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In what ways does Priestley explore responsibility in An Inspector Calls?

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Introduction

IN WHAT WAYS DOES PRIESTLEY EXPLORE RESPONSIBILITY IN AN INSPECTOR CALLS? "We are members of one body, we are responsible for each other" This is the sentence taken from the Inspector's last speech and I think that it sums up exactly what Priestley was trying to get across about responsibility. Priestley may have experienced difficulties during wartime; this may have led him to believe that in order to live in a peaceful world man must consider his responsibility to fellow men.. In this play it points out the need for a sense of personal responsibility in every member of society; responsibility not only for individual actions, but also for the way actions affect others. Priestley is very effective in using the Inspector to voice the view of responsibility most strongly. Priestley has created these characters so that they act as the communal conscience of the other characters. The character's past is also used to show another key theme-responsibility. Each person on stage has a secret to reveal- each linking and connecting every person to the death of Eva Smith. This presents Priestley's belief in socialism which really comes across in the play- every person has a responsibility to help each other and that your actions can affect others. In Act 1, a mysterious Inspector influxes mysteriously, Inspector Goole is his name and he arrives unexpectedly on the prosperous Birling family. Priestley's use of the Inspector startles revelations not only shatter the very foundations of their lives but challenge us all to examine our consciences. ...read more.

Middle

If there's nothing else, we'll have to share our guilt'. He points out that social responsibilities become greater as privileges increase. There is something else implied in the Inspector's comment. The society in which the Birlings live shares out material riches very unequally. Priestley's use of people like Birlings and Gerald's, have been granted the lion's share of material wealth, they are reluctant to accept a similar-sized share of responsibility for those who have been less generously treated. I think Priestly made the most responsible characters the older individuals because, generally, older people are more set in their ways. Ultimately, I believe that Priestly used each of the characters to portray a different part of society and he personified their actions to the death of Eva Smith. I believe that Mr Birling has the most responsibilities, morally and socially, and the unwillingness to accept them shows his utter insolence. Priestly is giving us a warning about what will happen if society doesn't learn to accept responsibility for others. For example, when the factory workers were on strike, Mr Birling didn't care about them and what would happen to them if they lost their jobs. All he thought of was cheap labour. When the Inspector leaves, Birling wants everything to return to normal. He cannot comprehend Sheila's and Eric's insistence that something has to be learnt from the whole experience. When the phone call concludes the play, J.B Priestly lets us see someone who is genuinely ignorant and unfeeling towards others and one who cannot take responsibility for what he has done. ...read more.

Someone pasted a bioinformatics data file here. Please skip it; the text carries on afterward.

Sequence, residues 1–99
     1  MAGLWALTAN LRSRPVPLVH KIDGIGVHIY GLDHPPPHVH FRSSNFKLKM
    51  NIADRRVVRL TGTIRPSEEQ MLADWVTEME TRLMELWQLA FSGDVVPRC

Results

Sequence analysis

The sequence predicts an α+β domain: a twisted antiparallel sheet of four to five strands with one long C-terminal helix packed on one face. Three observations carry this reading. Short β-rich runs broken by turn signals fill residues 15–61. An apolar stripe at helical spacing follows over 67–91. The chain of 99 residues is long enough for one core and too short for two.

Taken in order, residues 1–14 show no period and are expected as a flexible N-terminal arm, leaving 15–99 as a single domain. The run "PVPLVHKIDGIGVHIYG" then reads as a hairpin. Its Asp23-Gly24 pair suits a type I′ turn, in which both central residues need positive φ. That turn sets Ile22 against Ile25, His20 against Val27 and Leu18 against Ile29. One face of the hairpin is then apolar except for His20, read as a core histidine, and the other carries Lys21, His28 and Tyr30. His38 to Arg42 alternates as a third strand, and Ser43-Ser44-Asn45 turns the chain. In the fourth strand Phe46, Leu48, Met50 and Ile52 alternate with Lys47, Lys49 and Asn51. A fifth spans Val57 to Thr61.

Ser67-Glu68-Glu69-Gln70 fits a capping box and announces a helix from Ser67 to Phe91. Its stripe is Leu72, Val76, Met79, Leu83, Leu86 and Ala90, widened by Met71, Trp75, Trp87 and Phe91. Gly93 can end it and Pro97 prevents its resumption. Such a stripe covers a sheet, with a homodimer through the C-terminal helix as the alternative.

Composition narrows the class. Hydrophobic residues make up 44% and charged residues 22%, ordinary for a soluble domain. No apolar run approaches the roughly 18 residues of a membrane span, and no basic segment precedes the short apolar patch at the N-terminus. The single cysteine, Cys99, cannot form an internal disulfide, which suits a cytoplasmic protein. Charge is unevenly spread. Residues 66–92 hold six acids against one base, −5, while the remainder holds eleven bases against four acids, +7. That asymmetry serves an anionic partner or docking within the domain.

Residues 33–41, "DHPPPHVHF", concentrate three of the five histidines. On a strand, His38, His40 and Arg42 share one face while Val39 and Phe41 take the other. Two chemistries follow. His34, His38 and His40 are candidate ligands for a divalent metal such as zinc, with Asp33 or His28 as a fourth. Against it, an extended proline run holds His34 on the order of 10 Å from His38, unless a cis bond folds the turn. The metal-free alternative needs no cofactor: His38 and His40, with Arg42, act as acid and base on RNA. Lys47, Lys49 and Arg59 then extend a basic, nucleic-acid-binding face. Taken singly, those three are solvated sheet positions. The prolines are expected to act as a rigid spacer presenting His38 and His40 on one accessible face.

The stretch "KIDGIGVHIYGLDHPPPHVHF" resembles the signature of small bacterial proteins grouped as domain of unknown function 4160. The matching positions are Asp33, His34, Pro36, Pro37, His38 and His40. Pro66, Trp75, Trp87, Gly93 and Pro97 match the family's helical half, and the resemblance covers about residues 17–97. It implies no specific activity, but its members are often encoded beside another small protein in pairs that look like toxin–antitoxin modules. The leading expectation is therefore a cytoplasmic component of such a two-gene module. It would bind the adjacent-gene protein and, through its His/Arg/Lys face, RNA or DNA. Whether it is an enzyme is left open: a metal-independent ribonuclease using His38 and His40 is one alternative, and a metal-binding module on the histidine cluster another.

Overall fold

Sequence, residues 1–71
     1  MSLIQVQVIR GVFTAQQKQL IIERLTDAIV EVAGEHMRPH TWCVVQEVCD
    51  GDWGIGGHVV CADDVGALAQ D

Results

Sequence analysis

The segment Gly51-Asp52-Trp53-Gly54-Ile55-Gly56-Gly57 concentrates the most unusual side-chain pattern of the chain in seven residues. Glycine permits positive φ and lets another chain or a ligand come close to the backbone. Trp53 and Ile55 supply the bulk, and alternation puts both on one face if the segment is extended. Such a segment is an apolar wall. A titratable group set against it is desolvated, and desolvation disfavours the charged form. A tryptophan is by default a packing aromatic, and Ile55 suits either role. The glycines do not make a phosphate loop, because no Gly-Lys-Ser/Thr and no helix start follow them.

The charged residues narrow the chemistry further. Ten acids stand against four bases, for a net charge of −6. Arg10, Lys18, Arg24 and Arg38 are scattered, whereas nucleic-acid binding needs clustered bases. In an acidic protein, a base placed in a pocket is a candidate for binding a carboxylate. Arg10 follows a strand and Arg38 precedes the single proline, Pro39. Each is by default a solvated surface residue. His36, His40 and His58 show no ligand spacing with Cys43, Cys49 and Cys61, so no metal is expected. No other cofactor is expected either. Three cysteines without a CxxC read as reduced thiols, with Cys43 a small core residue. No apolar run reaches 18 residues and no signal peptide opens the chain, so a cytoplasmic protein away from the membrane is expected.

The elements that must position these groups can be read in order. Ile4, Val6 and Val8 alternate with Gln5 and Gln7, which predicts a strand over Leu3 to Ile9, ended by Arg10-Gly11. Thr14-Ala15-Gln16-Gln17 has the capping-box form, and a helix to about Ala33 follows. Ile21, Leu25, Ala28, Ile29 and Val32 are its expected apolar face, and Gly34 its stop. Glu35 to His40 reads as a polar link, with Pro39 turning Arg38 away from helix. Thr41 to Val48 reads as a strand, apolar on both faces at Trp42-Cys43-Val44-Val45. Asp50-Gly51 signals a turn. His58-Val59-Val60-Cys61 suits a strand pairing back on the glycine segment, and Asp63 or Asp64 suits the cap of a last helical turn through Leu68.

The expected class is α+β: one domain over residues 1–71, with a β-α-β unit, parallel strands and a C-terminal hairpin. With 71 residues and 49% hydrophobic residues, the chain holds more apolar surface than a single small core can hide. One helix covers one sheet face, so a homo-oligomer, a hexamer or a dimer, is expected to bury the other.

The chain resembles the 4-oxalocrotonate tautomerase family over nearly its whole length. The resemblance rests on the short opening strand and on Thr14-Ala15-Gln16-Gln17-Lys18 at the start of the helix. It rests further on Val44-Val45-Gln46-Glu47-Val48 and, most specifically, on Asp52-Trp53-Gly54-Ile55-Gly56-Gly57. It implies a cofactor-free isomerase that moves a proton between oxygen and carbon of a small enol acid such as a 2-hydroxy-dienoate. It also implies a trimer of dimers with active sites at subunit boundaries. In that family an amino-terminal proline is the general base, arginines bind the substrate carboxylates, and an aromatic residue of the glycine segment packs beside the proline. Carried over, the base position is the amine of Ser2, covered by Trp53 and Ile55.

Conclusion

The Inspector wanted the family to share responsibility. Priestly uses the Inspector to put pressure on the family and interrogate them to find out their shameful secrets. Priestly cleverly gives the Inspector an impression of massiveness, solidity and purposefulness. The Inspector always speaks precise, carefully and demanding as he interrogates the family and is always in control. He always seemed to know everything and this increases his supernatural quality. Priestley engages the idea of responsibility in the eyes of a child, immature, not suited to the world. Eric was the last person to be interrogated by the Inspector. Eric Birling returns to the play in Act Three and under questioning from the inspector reveals the extent of his drinking, his relationship with Eva Smith and that he had spent a night with Eva and she had fallen pregnant with his child. Eric had no stable relationship with Eva as Gerald did. It also comes to light that Eric is also an alcoholic something that he had managed to keep from his parents for a number of months. This shows him as dishonest, weak and immature. He then commits a shameful act, despite it being in Eva's favour. He steals fifty pounds - which was a lot in 1920 - from his father's office. Although this was in Eva's aid, it was still a very selfish and irresponsible. All in all Priestley is quite successful in exploring the idea of responsibility, through the characters, using dramatic techniques, using examples referring to Word War One. FAHIM TALUKDER 11TS ...read more.

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